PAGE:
A clear majority of the respondents have experienced discrimination in education. Respondents say that racism emerges from actions by both other students and teaching staff. Almost a third of respondents have experienced discrimination already before reaching school age, in early childhood education.
Sixty percent of the respondents who have worked or applied for a job have experienced discrimination. The respondents have experienced discrimination by employers, colleagues, and customers in both the private and public sectors. Respondents have experienced discrimination especially in recruitment and at the workplace.
About half of the respondents do not report the discrimination they experience to any authorities. The most common reason for not reporting experiences of discrimination is the belief that reporting would not lead to any changes. Racism is seen as such a big problem that an isolated report on discrimination is not considered likely to change anything.
The report contains various recommendations to authorities:
- Authorities and other parties which have a responsibility of promoting equality in education and employment should familiarise themselves with the problems highlighted in the report.
- Public authorities, employers and training providers must effectively implement their legal obligation to promote equality.
- Police and security guards need to be regularly trained and adequately instructed to prevent ethnic profiling and experiences of ethnic profiling.
- Anti-discrimination authorities should take various measures to reduce underreporting of discrimination.
- The obligation of equality planning should be extended the whole education system, from early childhood to further and higher education.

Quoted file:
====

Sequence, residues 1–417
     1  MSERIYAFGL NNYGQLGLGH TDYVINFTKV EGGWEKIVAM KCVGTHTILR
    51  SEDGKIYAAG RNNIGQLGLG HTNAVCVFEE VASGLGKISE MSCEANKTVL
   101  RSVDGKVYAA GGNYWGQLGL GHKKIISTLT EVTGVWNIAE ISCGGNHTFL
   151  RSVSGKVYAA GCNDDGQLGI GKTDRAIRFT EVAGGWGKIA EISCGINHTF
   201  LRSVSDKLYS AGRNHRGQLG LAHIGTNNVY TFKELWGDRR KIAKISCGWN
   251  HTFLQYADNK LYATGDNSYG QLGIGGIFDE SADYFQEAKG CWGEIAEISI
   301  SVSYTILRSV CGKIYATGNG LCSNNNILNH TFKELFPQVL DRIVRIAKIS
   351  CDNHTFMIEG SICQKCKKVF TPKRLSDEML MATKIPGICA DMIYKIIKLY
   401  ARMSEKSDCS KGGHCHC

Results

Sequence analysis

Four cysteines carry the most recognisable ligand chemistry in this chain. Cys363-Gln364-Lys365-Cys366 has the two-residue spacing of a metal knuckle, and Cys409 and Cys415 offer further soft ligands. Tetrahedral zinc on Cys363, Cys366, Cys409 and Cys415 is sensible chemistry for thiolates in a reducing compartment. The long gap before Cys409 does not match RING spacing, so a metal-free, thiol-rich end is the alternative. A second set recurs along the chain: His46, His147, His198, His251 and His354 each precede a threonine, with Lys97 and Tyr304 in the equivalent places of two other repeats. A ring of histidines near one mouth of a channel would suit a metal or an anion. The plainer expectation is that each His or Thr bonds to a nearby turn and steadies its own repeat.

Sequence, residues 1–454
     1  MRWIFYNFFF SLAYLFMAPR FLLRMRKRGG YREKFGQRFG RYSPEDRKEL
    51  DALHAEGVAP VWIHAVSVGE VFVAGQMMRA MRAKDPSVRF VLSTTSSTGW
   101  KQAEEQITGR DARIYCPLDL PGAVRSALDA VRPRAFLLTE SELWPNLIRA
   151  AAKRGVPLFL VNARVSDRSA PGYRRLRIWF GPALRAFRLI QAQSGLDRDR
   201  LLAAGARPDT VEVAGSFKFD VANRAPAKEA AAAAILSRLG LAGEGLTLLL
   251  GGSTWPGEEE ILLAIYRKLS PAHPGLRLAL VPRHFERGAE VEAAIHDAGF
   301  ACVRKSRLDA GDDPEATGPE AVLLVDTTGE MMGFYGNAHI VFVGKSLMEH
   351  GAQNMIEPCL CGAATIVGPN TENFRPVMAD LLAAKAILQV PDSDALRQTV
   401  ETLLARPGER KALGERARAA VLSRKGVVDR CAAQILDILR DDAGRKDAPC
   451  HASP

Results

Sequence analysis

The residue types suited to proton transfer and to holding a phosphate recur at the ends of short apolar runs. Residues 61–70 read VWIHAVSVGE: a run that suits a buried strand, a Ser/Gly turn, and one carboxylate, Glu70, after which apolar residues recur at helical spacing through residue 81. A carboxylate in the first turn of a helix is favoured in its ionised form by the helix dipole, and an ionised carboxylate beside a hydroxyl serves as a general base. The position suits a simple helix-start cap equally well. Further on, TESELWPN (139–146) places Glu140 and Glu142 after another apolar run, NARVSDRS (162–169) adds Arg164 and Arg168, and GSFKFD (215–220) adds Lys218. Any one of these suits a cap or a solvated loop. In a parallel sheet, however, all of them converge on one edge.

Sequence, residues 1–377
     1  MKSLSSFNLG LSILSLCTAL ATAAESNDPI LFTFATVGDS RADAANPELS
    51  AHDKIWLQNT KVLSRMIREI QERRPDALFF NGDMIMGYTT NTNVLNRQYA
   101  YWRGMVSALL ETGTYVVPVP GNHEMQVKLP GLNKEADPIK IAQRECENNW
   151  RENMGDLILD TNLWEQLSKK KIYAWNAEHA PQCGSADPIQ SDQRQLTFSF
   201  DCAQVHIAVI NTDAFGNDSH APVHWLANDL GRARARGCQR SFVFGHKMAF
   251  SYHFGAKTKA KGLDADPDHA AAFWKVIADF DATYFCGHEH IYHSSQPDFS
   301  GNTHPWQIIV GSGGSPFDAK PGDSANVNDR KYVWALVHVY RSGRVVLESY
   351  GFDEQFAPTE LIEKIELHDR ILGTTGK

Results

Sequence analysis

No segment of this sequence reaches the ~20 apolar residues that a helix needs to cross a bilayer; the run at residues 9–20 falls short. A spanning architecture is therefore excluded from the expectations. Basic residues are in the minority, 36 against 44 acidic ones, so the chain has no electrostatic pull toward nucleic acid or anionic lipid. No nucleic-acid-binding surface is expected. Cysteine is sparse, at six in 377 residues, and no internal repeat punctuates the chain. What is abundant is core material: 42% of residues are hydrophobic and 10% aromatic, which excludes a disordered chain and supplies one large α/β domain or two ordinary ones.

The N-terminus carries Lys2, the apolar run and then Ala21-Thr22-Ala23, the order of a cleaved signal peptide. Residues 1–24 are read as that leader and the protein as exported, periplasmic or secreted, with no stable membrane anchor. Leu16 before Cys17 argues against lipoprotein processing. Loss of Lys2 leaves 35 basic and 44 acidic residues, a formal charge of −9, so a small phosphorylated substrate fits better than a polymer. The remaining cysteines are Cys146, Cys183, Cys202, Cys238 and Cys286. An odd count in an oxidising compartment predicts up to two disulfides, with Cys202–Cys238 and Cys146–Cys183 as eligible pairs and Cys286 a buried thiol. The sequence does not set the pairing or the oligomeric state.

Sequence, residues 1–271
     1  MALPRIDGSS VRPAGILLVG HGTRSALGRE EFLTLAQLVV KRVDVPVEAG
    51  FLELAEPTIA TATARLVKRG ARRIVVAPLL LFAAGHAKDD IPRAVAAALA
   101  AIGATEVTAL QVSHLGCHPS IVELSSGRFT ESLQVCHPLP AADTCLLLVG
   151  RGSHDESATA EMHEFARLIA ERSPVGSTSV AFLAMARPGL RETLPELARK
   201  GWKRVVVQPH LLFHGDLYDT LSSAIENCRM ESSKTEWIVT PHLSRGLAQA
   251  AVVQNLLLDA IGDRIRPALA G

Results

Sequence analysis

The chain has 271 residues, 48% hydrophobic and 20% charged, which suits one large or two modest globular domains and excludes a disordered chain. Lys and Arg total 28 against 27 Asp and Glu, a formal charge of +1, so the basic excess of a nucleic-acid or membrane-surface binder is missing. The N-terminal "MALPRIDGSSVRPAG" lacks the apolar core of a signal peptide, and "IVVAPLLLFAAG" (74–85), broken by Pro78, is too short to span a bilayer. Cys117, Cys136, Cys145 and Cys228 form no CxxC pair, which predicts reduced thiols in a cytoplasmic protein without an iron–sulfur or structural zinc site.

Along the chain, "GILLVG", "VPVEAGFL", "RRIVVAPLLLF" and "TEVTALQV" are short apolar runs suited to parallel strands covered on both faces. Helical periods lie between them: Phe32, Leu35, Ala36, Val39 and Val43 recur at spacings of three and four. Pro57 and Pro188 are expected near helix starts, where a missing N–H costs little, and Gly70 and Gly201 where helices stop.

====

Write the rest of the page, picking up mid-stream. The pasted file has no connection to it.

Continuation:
- Racism and discrimination must be actively addressed in schools. Schools should have clear processes and a contact person for situations in which a student experiences discrimination.
- Educational courses against racism and discrimination should be included as part of the degree and in-service training of teachers and youth workers. Anti-racism and anti-discrimination in-service training should be provided to study counselors.
- The Ministry of Education and Culture and the National Board of Education must ensure that the actors under their authority effectively implement their obligation to promote equality.
- Employers' awareness and knowledge of non-discrimination and the promotion of equality should be increased. Management has a crucial role to play in preventing discrimination.
- The powers of the Non-Discrimination Ombudsman should be extended to the possibility of investigating individual situations of discrimination in employment. The powers of the Ombudsman should also be extended to cover the supervision of the obligation to promote equality, in cooperation with the occupational safety and health authorities.
Government measures to combat racism and discrimination
Currently, there are some policy documents/action plans being prepared, which may address the issue of racism and discrimination against persons of African descent. A Government Programme on fundamental and human rights is being prepared, and the programme is also to include a set of indicators on the state of fundamental and human rights. A Government Programme on measures to counter racism and enhance good ethnic relations is also prepared. A revision of the Penal Code, in order to better address the issue of hate speech, is also underway.
Senior Officer Tiina Valonen